Posts Tagged ‘ Her Majesty’s Counsel ’


Written by admin
August 17th, 2019

The latest stealthy slice to be taken out of the criminal justice system comes in the form of a reduction of Crown Court hearing days.

We all know that to run a Crown Court is expensive.  We all know that to close a Crown Court will save money.  Unfortunately, closing a Crown Court means that cases are not heard, which has very little cost in financial terms but often huge costs in terms of the effect on defendants, complainants and witnesses, their emotions and their general wellbeing. It also means of course that neither Counsel nor solicitors are in a position to submit a bill, because a hearing has been postponed and the case has not been finished.  In some courts this means that the case will have to be put off for another eight or nine months, awaiting a trial slot. This inevitably means that the expense of prosecuting the case and defending it is moved skilfully into another tax year.

How many Crown Court hearing days do you think have been cut from the next Crown Court year?  Perhaps you think 1,000, or maybe 2,000, maybe as many as 5,000 – but surely not as that would obviously be unjust.  Perhaps you think 7,500 or even 10,000, but yet again, surely both of those figures are utterly unbelievable.  If you were to think 15,000, in short, you would be right.  Yes, 15,000 Crown Court hearing days have been cut from the next judicial year.

That’s 15,000 days when cases could be concluded, when witnesses could be put out of their misery, when complainants could get closure, when defendants could move on with their lives, be it in custody or as free people.  That’s 15,000 days when rehabilitation might have started or punishment might have been meted out.  Thanks to the Ministry of Justice and arguably the Treasury, all of these things have to be put on hold, whilst money is lavished on health, police, the armed forces, and who knows what else.


Written by admin
May 16th, 2019

“How is it that my boss can defend him on a drink-driving when I can’t get one to defend me on an attempt murder?” If you think that question is daft or extreme, unrealistic or some sort of misrepresentation, you are just simply misinformed or wrong.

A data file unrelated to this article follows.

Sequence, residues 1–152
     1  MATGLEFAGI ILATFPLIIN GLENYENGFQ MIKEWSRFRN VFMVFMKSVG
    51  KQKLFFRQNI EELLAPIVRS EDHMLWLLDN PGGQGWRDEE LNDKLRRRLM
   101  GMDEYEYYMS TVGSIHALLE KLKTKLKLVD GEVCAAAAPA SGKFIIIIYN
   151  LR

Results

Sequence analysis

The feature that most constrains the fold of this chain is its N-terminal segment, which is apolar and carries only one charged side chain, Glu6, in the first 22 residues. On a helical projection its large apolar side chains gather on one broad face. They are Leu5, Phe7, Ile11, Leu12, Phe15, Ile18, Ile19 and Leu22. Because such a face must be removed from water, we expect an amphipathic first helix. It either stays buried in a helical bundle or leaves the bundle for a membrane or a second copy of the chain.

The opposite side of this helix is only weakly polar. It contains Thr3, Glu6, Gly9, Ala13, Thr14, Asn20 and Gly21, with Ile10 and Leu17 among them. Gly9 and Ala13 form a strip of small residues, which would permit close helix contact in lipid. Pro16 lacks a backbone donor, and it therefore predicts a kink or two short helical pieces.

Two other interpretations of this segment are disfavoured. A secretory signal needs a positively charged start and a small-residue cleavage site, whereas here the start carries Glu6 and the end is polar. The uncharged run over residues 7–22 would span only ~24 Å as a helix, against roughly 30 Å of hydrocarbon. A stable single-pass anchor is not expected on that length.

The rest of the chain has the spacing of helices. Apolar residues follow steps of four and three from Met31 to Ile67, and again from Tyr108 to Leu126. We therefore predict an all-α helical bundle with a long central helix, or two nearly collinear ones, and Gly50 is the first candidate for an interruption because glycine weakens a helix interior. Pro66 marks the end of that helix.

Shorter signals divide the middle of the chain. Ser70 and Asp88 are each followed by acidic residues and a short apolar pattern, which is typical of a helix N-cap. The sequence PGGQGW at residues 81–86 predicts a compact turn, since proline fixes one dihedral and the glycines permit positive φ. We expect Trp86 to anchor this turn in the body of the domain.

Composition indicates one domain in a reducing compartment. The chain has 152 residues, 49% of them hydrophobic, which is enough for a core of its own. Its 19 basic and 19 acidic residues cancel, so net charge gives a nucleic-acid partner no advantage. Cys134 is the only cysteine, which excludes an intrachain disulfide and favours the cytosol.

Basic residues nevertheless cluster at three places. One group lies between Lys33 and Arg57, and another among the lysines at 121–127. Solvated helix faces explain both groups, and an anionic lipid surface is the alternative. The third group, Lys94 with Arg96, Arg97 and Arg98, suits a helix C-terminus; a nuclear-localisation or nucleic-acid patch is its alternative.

We all know that, on balance, and whether we like it or not, those barristers who have achieved the rank of Her Majesty’s Counsel are generally speaking the best of the bunch. The process for appointment is transparent, robust, and designed to ensure that only candidates of true quality are put forward for appointment.

Every year significant numbers of applications are received, only for a relatively small number of candidates to be appointed.

Why is it then that the addition of two letters after the name of a successful barrister means that they will suddenly become beyond the reach of almost every individual appearing before a criminal court?

There was once a time, and in Northern Ireland that time is still now, when Queens Counsel would appear to represent a significant raft of people charged with serious offences. Rapes, armed robberies in the course of which firearms were discharged, gang-related Section 18 woundings, manslaughters, attempt murders, serious frauds, as well as cases that were likely to attract significant public attention, were all ones in which Queens Counsel might be expected to appear.

Now, despite a lifetime of paying taxes both indirect and direct, as well as massive National Insurance contributions, most people charged with the above list of offences will simply be told that their application for Queens Counsel has been rejected.

We live in times when someone accused of the rape and attempted murder of a stranger will routinely be told that their application for the barrister of their choice has been refused, even though they are likely to receive a substantial a life sentence. Young people, including those under 18, facing allegations of attempt murder or manslaughter are left knowing that when it comes to securing Queens Counsel, the best they can probably do is dream.

Even where the current regulations seem to allow for a certificate for Queens Counsel to be granted, many judges before whom the applications are placed will routinely refuse them on the basis that this makes them look strong, or fiscally aware, or perhaps just the sort of person who ought to be promoted to the High Court Bench.

What with restrictive regulations and over-zealous judges the sighting of Queens Counsel in many Crown Courts will be as noteworthy as hearing the first cuckoo of sprint.

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